And finally, this week Pocket Gamer played a new Call of Duty, ran around as a goat in Germany, told you how to survive the horrors of the Construct Quarter in Hearthstone, and decided to buy a shiny Super Smash Bros. special edition 3DS. And it's all right here.
Expert App Reviewers
So little time and so very many apps. What's a poor iPhone/iPad lover to do? Fortunately, 148Apps is here to give you the rundown on the latest and greatest releases. And we even have a tremendous back catalog of reviews; just check out the Reviews Archive for every single review we've ever written.
The Sorcery! series has been great so far, which means anyone with an interest in interactive fiction should have been pretty excited by the upcoming release of 80 Days. Guess what? You were right to be psyched! 80 Days is a fantastic game for the interactive fiction aficionado, providing plenty of interesting choices and some much-requested replayability. Based upon the classic novel by Jules Verne, you take the role of Passepartout, Phileas Fogg’s loyal servant, as the pair attempt to travel the world in 80 days. Changing things around from the book, there’s a steampunk twist to everything here and it works well at offering a fresh take on an otherwise familiar story. --Jennifer Allen
I hate to keep returning to Hearthstone as a point of reference throughout this review, as Hardscore Games’ Star Admiral most definitely stands as a solid offering in its own right, but it quite clearly treads strongly on the path that Blizzard’s wildly successful digital collectable card game has already paved. Take the core CCG formula, strip away excess complexity, and distill what remains into a refined essence wrapped in a visually appealing skin. Only Star Admiral takes it a touch further still. While Hearthstone replaced the visuals of cards in play on a virtual tabletop with stylish little cameo portraits that shake and thump and slide their way around the virtual tabletop, Hardscore rips the tabletop conceit out completely and tosses the whole mess into deep space. Cards? What do you mean, cards? We’re battling with spaceships, baby! --Rob Thomas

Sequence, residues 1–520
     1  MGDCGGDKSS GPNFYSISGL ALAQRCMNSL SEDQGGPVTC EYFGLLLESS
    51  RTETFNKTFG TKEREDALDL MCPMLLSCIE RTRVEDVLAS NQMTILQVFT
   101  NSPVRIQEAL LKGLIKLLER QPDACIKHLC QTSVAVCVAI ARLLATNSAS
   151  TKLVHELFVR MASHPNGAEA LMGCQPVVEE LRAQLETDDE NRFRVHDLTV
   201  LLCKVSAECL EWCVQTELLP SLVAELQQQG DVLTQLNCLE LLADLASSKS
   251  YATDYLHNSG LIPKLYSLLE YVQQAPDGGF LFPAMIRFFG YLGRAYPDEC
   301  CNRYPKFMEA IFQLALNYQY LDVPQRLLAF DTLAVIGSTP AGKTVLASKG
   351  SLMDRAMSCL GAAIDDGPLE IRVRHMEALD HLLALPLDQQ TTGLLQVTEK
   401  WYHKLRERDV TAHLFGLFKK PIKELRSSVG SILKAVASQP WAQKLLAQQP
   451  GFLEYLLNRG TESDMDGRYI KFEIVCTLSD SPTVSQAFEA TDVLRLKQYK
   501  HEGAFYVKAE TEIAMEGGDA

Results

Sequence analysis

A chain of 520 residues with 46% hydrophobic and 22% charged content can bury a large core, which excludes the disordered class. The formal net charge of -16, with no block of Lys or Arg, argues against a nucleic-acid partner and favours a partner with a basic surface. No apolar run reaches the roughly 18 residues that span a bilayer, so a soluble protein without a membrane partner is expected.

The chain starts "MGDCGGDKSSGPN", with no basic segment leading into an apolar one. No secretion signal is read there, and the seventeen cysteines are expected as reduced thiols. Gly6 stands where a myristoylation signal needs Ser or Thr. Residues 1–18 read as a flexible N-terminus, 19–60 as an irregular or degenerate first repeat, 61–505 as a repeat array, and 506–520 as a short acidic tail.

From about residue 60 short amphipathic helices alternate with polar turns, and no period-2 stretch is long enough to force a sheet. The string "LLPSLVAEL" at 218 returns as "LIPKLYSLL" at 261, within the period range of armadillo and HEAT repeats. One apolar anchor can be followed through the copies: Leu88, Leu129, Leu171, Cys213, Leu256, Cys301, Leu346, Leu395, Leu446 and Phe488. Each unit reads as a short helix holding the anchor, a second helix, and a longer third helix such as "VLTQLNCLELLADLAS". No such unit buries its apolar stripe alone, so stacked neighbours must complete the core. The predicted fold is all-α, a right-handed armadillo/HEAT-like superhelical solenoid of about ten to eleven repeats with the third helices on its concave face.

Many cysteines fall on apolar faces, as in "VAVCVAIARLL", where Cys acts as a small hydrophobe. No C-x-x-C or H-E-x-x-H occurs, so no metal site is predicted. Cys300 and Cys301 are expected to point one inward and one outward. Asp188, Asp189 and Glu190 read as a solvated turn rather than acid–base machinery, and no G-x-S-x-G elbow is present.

Traps n’ Gemstones is an action adventure game in which players explore an ancient tomb to discover its mysteries and undo the misdeeds of a mysterious looter. The game bears quite a bit of a resemblance to classics like Castlevania and Metroid in terms of overall structure, gameplay, and quality. Much like the games it is modeled after, Traps n’ Gemstones revolves around players exploring a complex, interconnected environment where puzzle-solving, traversal, and combat must be used together to reach new areas, gather items, and progress through the game. In this game in particular, players are bent on capturing a temple looter who is hiding behind a mysterious forcefield that can only be broken by recovering lost relics and placing them in their proper locations. Although because the setting is an ancient underground temple, finding these relics involves fighting mummies, outrunning boulders, riding minecarts, and many other Indiana Jones-type situations. --Campbell Bird
Busting ghosts makes you feel good. This is a scientific fact. And it’s as true in video games as it is in the real world. Solving puzzles, nabbing spooks, and exploring haunted mansions in The Phantom PI Mission Apparition will definitely make you feel good. Players put on the monocle of Cecil Sparks, the titular Phantom PI. Instead of helping the living with their ghost problems, as one might expect, Sparks helps ghosts deal with other ghosts upsetting their peaceful afterlife. In this particular mission, he’s helping deceased rock star Marshall Staxx recover his stolen gear from a bullying, gluttonous, Slimer-esque specter named Baublebelly. Along the way, players will learn more about Staxx’s time on Earth through newspaper scraps, demo tapes, and other effective forms of emergent storytelling. --Jordan Minor